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Identification of genetic drivers for esophageal cancer creates new opportunity for screening, treatment

esophageal cancer
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Esophageal adenocarcinoma (EAC) is a highly lethal cancer, with a five-year survival rate of less than 20%. Although a precursor lesion to EAC, called Barrett's esophagus (BE), is present in roughly 7% of middle-aged adults, less than 1% of BE patients will progress to EAC, making it difficult to determine which individuals are at risk of developing this deadly cancer.

To better understand why only a small fraction of individuals with BE develop EAC, investigators from the Mass General Cancer Center, a member of the Mass General Brigham health care system, used genomic databases to identify genetic drivers associated with EAC.

Their results, published in Gastroenterology, highlight that 9% of EAC patients harbor in cancer-predisposing genes, shedding light on the causes of progression to the disease and new possibilities for screening and treatment.

"The development of EAC was previously thought of as a 'bad luck' phenomenon, so we were stunned to find cancer-predisposing mutations in esophageal cancer patients at such a high rate," said corresponding author Manish Gala, MD, of the Division of Gastroenterology at Massachusetts General Hospital (MGH).

"To put that into perspective, the prevalence of such mutations is 7–10% in pancreatic adenocarcinoma, and genetic testing has been recommended for all individuals diagnosed with this cancer. Given the similar prevalence in EAC, universal genetic testing should be considered for this cancer as well."

Notably, the researchers found that EAC patients with cancer-predisposing mutations had developed EAC across the age spectrum, implying that simply having a mutation did not trigger EAC; rather, BE and other are likely additional prerequisites for cancer. Still, findings suggest that these "germline" cancer-predisposing mutations, which are present at conception and therefore found in every cell of a patient, may accelerate that increases the likelihood of progression from BE to EAC.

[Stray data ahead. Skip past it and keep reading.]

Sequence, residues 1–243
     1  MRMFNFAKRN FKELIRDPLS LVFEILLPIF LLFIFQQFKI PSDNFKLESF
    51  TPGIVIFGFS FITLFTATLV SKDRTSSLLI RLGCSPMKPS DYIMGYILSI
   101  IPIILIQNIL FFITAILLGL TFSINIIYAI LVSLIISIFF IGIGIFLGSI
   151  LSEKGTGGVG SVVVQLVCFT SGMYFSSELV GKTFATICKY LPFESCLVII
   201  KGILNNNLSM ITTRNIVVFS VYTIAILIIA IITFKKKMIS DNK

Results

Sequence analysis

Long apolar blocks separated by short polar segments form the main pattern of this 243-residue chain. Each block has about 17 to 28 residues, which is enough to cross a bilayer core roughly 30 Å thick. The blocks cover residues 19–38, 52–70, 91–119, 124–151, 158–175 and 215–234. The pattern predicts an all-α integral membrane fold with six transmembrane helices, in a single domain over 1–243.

This study was based on genomic data from 640 individuals with EAC, pooled from public U.S. and U.K. databases. A total of 59 patients had highly rare, cancer-predisposing , most commonly in the ATM gene. To validate these results, the researchers also analyzed nearly 300 individuals from MGH cohorts who either had EAC or BE with high-grade dysplasia (a precursor to EAC), BE without cancer progression after 10 or more years, or who were healthy nonagenarians.

Again, they found that germline mutations, especially in the ATM gene, were the most prevalent in EAC patients, with evidence that in people who progressed to EAC, there may be additional epigenetic changes that cause abnormalities in ATM expression compared to non-progressors.

Results from the study also shed light on the existing question of why approximately 30% of EAC patients do not have a common cancer-causing mutation, a TP53 mutation, "within" their . The researchers found that EAC patients "without" TP53 mutations in their tumors were instead much more likely to have pathogenic germline mutations, and at a rate comparable to that of ovarian , which is known to be a highly genetics-dependent disease.

Collectively, results support the idea that genetic testing can help risk-stratify EAC patients, due to the important role germline mutations appear to play in triggering progression from BE to EAC.

Going forward, the researchers plan to derive estimates of EAC risk based on gene-specific mutations, a task that will require larger study cohorts. Furthermore, they are using their knowledge of the germline mutations common in EAC (such as ATM mutations) to repurpose existing therapies that may be useful for treating EAC, with two drug candidates already identified.

"The key takeaway from this study is that if someone is progressing toward EAC from BE, performing is probably warranted," Gala said. "For people who already know they have a mutation, we will still need more data to figure out how to best care for these individuals, but a one-size-fits-all approach to screening may not be appropriate."

More information: Minyi Lee et al, Germline Determinants of Esophageal Adenocarcinoma, Gastroenterology (2023). DOI: 10.1053/j.gastro.2023.07.015

Journal information: Gastroenterology

Citation: Identification of genetic drivers for esophageal cancer creates new opportunity for screening, treatment (2023, July 27) retrieved 10 December 2023 from
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